Elaborate rollout ceremonies are expected for new airplanes, but in the world of engineering and manufacturing, a stylish event built up around an engineering support structure is a rarity. This pattern was broken when engineering firm Semmco staged a ceremony to introduce its tail docking system at London’s Heathrow Airport in the maintenance hangar of U.K. operator bmi. The company’s system is said to have saved bmi the cost of an airplane over 12 months of use and has improved the safety of engineers working at height.
The tower system encases the aircraft tail, enabling engineers to work at four different height levels, from 8 to 30 ft. Built on a steel base, the aluminum construction of the frame and platform makes the tail dock light enough to be easily maneuvered to suit various maintenance requirements.
"Expansion of the aviation industry in recent years has brought new health and safety challenges with aircraft turnaround times reduced, increasing competition for space at airports and global pressures on the industry for ever-increasing efficiencies," said Semmco Managing Director Stuart McOnie. "The U.K. Health & Safety Executive receives about 40 reported incidents of air transport industry staff injuring themselves after falling from height every year—with a significant proportion of the most serious happening during aircraft turnaround periods.”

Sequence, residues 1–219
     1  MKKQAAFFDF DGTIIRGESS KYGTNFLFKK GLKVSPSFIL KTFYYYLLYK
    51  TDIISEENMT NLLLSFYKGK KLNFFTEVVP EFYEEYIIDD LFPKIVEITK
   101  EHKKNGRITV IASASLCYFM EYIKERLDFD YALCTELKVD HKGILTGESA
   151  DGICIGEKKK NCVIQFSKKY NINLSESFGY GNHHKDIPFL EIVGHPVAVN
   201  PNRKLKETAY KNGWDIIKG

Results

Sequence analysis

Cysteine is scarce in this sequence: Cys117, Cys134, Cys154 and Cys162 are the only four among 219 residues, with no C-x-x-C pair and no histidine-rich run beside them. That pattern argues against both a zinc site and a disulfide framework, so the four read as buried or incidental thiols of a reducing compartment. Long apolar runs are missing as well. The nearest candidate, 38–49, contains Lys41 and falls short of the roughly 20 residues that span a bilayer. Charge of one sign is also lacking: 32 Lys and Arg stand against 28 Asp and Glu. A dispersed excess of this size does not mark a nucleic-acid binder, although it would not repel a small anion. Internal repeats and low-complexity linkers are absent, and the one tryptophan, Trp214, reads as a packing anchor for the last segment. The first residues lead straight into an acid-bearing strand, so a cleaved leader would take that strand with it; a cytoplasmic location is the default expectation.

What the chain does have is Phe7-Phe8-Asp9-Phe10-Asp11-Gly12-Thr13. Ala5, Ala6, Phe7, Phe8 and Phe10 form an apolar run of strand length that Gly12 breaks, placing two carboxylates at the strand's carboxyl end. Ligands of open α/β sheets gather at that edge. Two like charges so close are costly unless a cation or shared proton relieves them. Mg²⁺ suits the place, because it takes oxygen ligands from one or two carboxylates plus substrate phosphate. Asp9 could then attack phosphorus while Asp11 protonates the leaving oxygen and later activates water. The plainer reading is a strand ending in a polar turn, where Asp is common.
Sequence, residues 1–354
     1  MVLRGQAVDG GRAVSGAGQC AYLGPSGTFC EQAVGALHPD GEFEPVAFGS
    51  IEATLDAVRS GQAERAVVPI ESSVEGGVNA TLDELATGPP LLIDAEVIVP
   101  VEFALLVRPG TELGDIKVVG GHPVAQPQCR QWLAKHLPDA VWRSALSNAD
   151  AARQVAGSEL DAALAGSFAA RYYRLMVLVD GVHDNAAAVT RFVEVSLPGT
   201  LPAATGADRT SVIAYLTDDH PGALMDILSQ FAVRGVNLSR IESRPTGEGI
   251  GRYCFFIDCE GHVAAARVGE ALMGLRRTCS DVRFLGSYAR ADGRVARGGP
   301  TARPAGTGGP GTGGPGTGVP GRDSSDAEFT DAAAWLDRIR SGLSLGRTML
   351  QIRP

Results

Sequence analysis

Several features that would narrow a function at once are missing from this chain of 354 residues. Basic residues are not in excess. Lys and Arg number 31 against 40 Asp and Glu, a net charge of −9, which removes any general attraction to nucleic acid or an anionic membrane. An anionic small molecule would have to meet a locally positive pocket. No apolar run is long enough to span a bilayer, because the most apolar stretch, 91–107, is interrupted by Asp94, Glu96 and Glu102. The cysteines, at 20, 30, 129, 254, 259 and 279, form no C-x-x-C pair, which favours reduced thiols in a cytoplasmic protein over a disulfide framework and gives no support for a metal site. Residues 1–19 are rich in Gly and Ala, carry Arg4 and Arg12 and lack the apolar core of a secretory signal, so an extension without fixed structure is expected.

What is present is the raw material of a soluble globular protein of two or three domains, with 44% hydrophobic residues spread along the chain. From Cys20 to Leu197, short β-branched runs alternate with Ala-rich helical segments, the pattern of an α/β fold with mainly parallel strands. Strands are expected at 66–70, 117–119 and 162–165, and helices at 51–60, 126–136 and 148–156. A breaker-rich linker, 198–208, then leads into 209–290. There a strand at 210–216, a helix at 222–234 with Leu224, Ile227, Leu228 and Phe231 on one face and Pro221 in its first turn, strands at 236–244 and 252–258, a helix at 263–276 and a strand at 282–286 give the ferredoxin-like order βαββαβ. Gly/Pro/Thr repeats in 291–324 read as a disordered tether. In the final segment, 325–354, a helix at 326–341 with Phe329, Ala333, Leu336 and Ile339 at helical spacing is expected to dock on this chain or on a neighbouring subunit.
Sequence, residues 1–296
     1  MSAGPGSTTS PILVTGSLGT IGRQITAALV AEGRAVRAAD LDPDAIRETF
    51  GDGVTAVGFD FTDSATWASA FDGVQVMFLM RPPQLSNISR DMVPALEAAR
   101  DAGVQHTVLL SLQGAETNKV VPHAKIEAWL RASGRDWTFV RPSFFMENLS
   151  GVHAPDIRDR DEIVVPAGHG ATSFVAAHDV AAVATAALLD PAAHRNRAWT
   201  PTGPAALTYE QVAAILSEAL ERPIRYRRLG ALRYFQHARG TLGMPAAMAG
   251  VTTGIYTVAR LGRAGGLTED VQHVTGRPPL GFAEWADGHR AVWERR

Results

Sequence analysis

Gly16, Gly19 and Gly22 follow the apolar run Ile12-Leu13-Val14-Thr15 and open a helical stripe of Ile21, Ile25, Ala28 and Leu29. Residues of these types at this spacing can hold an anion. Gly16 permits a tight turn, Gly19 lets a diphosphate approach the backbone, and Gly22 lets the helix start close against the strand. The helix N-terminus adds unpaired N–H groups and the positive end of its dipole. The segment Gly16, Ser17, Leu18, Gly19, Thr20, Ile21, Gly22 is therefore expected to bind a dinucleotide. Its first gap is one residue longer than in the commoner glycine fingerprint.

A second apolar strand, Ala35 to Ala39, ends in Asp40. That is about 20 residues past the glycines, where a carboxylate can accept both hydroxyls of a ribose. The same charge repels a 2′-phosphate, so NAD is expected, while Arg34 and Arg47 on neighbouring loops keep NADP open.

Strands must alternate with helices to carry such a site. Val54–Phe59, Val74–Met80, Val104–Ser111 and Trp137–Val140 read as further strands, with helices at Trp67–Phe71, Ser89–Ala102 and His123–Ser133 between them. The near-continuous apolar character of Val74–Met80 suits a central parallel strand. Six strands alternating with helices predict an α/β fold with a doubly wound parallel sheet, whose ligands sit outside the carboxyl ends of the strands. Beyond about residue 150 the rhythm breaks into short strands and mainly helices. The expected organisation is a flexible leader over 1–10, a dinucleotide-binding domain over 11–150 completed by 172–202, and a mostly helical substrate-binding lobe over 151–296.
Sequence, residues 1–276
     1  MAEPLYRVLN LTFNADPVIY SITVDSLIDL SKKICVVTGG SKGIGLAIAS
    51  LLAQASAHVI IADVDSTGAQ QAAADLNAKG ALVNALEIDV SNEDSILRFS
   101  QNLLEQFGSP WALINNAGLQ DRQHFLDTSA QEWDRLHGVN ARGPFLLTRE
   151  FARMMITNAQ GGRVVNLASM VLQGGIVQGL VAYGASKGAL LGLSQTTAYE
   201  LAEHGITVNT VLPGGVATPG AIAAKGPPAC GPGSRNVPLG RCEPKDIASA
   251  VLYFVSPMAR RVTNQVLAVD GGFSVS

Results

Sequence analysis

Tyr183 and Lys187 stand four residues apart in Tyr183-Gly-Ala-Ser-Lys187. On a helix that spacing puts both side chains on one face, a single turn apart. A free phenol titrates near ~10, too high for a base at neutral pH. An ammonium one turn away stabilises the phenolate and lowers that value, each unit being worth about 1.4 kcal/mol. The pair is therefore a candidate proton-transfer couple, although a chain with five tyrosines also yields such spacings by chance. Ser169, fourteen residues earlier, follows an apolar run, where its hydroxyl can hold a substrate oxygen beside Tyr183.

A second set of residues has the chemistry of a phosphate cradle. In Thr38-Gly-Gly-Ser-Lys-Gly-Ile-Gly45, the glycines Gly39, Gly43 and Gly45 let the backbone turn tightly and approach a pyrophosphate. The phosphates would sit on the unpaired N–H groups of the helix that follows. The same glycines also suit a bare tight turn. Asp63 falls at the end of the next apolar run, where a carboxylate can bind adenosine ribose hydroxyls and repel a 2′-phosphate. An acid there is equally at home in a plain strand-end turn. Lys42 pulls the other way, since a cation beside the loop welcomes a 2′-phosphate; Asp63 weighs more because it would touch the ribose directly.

Besides reducing accidents, the airline purchased the tail docking solution to enable it to adopt a program of "equalized maintenance," a method of carrying out aircraft maintenance on an ongoing basis rather than blocking out time every year for a full maintenance check. Traditionally, that meant a plane was on the ground, not making money, for five days a year. By using Semmco’s new system, bmi has been able to change the process of maintenance on its extensive Airbus A320 fleet.
According to Stuart Green, Engineering Director at bmi, for equalized maintenance to be effective, the engineers have to be able to start their work tasks as soon as the airplane arrives in the hangar. The Semmco tower system, in effect, clasps around the tail section of the plane and allows access to that section of the airframe within 15 minutes of it arriving in the hangar.
Prior to using this system, the airplane would be towed into position using a tug, which is time-consuming, and as Green noted, “It also left a margin for driver error, which could result in damage to the aircraft—especially as a wide fin needed to be reversed into a relatively small area. The new tail dock keeps us fully in control of the aircraft preparation process.”
Reaction from the engineering staff has been positive because the tower structure is not just safer, but, according to Green, they have found that it gives them more confidence and makes the work areas easier to work in.